transfer the male pollen to the female bloom.
The bloom time of squash also signals the beginning
of another squash-growing, task-squash vine-borer control
period. Just as blooming begins, the reddish, wasp-like moths
visit plants and deposit eggs which hatch into the white borer.
In the spring, plants will be in the bloom stage before eggs
are deposited. So, you can enjoy some harvest before the enlarging
borer larvae can devastate the inside of the vine until it
dies. In the fall, seedlings are small when they are attacked,
so feeding vine-borers will kill plants faster. Many times,
a fall planting of squash will be killed even before seedlings
are 6 inches tall.
A protective dome cover made of screen can
be placed over squash seedlings to physically keep the moth
from depositing eggs until plants are larger. However, plants
soon outgrow such devices. Dusting or spraying main stalks
with Sevin every 3 days (which has also been recommended)
can stimulate spider mite populations. Products containing
the active ingredient endosulfan, commonly referred to as
Thiodan, are more effective. Endosulfan is sold as Garden
Bug Killer and Thiodan Garden Dust.
Since endosulfan is effective for a longer
period of time, it is more successful in combating the destructive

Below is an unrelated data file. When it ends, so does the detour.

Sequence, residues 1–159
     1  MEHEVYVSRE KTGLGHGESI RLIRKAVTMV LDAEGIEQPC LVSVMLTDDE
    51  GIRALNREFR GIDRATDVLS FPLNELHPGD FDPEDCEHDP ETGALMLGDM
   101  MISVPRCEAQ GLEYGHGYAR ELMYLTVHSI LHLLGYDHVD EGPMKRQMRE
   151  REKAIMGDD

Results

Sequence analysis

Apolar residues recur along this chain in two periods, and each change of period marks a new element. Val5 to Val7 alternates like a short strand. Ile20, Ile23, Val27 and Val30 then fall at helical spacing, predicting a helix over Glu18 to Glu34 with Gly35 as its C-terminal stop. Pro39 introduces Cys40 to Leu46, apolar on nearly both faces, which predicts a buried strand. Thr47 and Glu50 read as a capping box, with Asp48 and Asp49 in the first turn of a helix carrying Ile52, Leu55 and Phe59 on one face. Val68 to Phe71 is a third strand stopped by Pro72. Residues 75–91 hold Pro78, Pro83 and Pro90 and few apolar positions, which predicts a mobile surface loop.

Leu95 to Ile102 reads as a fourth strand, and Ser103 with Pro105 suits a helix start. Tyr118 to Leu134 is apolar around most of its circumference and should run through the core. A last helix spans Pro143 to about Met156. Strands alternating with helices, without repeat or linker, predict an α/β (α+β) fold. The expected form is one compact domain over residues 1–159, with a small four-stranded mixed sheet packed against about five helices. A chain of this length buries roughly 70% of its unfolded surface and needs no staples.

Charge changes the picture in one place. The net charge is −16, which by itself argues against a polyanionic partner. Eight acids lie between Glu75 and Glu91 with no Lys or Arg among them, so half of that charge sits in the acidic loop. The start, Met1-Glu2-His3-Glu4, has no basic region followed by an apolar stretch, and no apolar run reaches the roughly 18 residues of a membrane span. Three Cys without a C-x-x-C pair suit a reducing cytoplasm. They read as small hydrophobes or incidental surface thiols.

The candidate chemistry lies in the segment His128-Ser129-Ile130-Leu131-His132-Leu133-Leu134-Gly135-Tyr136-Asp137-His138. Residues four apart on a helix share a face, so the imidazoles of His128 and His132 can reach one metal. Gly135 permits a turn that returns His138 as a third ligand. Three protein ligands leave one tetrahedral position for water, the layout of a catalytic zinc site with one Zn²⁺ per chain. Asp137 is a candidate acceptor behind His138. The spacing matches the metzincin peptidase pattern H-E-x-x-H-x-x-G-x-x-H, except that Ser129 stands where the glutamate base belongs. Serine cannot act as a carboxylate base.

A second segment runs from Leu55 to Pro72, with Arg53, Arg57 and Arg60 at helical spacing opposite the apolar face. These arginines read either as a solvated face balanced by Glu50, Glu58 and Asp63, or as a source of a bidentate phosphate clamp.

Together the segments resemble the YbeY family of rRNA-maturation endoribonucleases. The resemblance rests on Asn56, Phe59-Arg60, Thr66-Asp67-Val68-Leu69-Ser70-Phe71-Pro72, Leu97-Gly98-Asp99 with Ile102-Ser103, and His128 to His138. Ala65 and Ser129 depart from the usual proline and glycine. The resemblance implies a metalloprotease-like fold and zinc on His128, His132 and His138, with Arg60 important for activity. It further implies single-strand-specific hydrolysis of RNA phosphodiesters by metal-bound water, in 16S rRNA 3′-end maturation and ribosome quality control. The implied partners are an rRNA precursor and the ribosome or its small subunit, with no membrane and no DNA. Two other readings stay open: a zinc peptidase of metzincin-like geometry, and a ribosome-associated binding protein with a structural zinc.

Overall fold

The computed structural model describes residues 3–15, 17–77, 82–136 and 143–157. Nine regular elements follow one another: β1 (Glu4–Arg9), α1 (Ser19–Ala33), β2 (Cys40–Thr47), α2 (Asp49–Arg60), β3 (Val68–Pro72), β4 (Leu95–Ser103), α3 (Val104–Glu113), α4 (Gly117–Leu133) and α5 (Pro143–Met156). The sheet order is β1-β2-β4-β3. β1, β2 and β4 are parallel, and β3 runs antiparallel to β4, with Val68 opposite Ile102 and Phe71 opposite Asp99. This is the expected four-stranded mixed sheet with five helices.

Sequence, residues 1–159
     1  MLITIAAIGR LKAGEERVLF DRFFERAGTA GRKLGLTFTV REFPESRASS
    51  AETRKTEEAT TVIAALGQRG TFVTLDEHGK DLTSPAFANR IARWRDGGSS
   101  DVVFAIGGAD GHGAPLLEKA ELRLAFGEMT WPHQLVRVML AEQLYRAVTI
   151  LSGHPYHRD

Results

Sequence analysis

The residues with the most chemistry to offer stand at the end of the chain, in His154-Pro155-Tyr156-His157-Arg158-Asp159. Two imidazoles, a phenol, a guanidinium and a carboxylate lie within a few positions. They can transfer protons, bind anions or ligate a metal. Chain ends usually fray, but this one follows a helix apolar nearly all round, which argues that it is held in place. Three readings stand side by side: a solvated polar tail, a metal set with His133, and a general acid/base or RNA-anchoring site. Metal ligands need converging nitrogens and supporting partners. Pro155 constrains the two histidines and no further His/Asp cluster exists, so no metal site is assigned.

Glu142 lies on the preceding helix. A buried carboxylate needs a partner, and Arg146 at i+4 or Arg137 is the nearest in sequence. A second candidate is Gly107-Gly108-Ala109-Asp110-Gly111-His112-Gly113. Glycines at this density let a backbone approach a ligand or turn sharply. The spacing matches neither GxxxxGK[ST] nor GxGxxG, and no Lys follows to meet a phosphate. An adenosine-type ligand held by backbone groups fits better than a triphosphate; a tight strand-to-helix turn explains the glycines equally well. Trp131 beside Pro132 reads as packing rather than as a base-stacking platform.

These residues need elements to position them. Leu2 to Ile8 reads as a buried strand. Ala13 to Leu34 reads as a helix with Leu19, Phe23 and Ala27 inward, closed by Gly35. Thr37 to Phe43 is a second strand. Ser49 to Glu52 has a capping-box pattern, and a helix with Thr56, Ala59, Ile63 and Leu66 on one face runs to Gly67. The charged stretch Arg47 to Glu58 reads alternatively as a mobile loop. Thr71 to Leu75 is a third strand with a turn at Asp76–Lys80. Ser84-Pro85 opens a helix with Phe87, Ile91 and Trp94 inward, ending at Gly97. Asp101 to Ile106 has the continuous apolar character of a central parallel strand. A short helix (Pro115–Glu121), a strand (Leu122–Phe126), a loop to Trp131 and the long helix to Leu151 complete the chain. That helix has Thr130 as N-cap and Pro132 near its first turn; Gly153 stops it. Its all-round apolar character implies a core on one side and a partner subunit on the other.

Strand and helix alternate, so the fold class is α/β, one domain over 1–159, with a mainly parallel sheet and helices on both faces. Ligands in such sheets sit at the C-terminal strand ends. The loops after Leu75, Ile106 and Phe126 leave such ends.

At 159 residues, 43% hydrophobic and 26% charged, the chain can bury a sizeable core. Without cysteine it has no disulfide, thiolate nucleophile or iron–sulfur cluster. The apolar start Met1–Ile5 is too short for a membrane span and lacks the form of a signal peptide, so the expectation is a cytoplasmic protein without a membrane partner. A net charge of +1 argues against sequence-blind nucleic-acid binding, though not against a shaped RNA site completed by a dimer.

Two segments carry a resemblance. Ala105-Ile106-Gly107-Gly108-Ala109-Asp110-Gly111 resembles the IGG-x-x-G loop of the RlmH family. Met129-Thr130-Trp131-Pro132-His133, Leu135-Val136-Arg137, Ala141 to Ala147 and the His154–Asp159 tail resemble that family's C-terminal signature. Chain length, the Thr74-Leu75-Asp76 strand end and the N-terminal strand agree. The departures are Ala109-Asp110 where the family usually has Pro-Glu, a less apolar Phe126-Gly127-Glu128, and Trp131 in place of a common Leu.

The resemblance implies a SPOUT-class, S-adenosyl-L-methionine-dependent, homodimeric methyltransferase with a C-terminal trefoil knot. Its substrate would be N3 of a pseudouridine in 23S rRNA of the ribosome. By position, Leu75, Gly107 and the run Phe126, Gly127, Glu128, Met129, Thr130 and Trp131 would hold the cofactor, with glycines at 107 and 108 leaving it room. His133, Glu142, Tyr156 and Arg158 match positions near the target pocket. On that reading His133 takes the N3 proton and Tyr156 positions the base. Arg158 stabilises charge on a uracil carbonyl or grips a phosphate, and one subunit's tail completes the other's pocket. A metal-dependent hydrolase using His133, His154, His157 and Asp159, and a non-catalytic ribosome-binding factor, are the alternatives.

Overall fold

trio—vine-borers, squash bugs and stink bugs—with
weekly applications. Endosulfan can be used on squash, potatoes,
peas, tomatoes, peppers, eggplant, beans, celery, cabbage,
broccoli, carrots, Brussels sprouts, cauliflower, lettuce,
spinach, collards, mustard greens and kale. No pesticide is
perfect. All should be used as label instructions direct.
But the exciting thing about endosulfan is that it offers
an opportunity to rid the most damaging of the garden insects
without stimulating spider mites. Simply dust the main squash
stem—not the entire plant—weekly to eliminate
vine=borer devastation. Tomato, pepper and eggplant blooms
drop off plants because of another type of pollination problem.
The tomato is hermaphroditic which means that both male and
female parts exist in the same flower. So how could it have
a pollination problem?
The pollination problem of these crops exists
because the female part of the flower (pistil), which must
be pollinated, is located above the male flower parts which
produce pollen. If this pollen is inactivate because of hot
temperatures, or made sticky by cool, cloudy conditions, the
female flower part will not be pollinated, and the entire
flower and potential tomato will drop off.
Tomato, peppers and eggplant flowers are wind
or mechanically pollinated, so gardeners don't have to rely
on bees. The flowers can be artificially set, or made to stay
on the plants, by use of blossom-set hormones sold in local
nurseries. These hormones are effective fruit-setters only
during early spring when cool, cloudy temperatures are the
villains. Tomatoes that are artificially set with hormone
sprays will have fewer seed. These are not test tube babies
but can certainly claim conception by artificial means.
So don't become alarmed if your bloomers are
dropping—do something about it, now that you know the
basics of blooming.